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Microsoft has ended mainstream support for Windows 7 today

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Bad news for Windows 7 users: as of today, Microsoft is officially ending mainstream support for the operating system. You shouldn’t let that worry you though, as this is nothing like the complete cessation of official support that Windows XP underwent a few months ago, Microsoft simply won’t be offering free help and support for you if you have issues with Windows 7. Important security updates and whatnot are still guaranteed until January 14, 2020.

By the time that date comes around, Microsoft hopes that the majority of Windows users will have adopted the Windows iterations that have followed or will follow Windows 7, such as Windows 8, Windows 8.1, and the forthcoming Windows 10. This is all part of the Windows lifecycle system that Microsoft has been using for decades.

“Every Windows product has a life cycle,” says Microsoft on the Windows lifecycle page on its official website. “The life cycle begins when a product is released and ends when it’s no longer supported. Knowing key dates in this life cycle helps you make informed decisions about when to upgrade or make other changes to your software.”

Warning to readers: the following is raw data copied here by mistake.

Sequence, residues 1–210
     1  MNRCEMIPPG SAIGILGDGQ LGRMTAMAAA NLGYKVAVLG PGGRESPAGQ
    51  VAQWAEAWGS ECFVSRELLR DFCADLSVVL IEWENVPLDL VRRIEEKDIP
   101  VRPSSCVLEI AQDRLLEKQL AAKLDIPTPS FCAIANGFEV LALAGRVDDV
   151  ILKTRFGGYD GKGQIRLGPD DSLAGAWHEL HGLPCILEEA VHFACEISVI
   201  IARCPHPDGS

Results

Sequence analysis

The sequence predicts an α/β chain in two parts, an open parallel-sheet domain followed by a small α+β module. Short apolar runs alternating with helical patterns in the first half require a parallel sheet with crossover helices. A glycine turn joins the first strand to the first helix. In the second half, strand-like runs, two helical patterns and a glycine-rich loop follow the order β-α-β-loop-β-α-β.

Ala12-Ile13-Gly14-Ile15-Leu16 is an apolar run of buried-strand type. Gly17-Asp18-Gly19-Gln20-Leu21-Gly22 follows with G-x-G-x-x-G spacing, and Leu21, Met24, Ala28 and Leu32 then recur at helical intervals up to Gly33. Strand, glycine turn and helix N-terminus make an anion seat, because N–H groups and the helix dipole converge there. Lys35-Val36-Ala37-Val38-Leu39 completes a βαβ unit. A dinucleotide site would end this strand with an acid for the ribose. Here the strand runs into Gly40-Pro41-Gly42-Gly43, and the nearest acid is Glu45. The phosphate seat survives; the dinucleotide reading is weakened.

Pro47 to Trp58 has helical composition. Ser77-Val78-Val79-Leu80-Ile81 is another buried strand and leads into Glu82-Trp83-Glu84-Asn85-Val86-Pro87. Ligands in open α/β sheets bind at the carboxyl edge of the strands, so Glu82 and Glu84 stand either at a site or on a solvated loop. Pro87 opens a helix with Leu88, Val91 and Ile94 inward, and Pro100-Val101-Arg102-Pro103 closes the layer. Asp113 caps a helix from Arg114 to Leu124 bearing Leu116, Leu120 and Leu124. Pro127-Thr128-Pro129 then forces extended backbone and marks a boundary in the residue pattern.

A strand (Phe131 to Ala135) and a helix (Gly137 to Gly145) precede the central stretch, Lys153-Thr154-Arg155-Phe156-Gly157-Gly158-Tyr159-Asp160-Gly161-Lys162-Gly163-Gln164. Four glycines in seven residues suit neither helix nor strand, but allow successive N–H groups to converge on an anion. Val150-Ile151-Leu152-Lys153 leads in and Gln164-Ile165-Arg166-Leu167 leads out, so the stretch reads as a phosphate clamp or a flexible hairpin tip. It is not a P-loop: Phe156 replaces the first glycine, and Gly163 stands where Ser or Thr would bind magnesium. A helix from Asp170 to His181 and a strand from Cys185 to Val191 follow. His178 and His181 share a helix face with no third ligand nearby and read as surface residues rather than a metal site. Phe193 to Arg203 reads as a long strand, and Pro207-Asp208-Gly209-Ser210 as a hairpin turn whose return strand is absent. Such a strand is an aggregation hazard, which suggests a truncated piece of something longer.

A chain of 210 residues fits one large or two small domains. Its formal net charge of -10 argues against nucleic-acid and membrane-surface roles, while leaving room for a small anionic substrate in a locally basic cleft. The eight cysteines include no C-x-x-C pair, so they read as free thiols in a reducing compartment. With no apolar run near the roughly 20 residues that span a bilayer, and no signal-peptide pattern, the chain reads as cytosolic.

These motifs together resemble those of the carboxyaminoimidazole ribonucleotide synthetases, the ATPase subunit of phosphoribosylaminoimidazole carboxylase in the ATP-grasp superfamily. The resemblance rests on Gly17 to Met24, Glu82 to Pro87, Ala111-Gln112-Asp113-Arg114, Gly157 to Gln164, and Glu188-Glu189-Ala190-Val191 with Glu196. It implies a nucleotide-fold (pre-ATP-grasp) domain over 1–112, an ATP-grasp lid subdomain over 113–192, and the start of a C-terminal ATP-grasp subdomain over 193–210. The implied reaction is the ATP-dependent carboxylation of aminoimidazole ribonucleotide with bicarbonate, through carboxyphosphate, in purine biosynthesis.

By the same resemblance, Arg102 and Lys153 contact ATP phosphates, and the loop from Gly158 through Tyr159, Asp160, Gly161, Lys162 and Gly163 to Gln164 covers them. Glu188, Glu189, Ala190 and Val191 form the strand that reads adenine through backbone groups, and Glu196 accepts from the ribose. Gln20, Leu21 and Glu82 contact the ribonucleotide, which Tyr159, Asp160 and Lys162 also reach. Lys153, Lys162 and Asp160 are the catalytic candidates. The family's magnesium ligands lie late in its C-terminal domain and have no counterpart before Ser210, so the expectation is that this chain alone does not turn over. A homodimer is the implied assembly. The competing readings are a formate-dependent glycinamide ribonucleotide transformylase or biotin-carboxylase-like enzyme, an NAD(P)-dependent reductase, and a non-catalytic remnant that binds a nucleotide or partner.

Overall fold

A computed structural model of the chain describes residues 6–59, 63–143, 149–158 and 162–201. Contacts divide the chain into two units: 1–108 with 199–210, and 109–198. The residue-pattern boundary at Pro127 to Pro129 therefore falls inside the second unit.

Unfortunately for Microsoft, there are still plenty of people out there who aren’t as ready to upgrade to the next version of Windows as the company would like. This became especially apparent during the end of the Windows XP lifecycle that took place early last year, which resulted in Microsoft having to extend its official support of the outdated operating system as more than 30% of the world’s PCs were still powered by it, and many people had no intention of switching even with the massive security risks.

Windows 7 may prove to be a similarly difficult operating system to kill off considering that it’s nearly as well-liked and Windows XP was and is extremely popular. With how poorly-received Windows 8 and 8.1 have been, at least from an adoption standpoint, it looks like whether or not Microsoft will have to fight its customers to end support for the operating system will depend on how successful Windows 10 is. I guess we’ll be able to form more accurate predictions after Microsoft’s big Windows 10 event next week.

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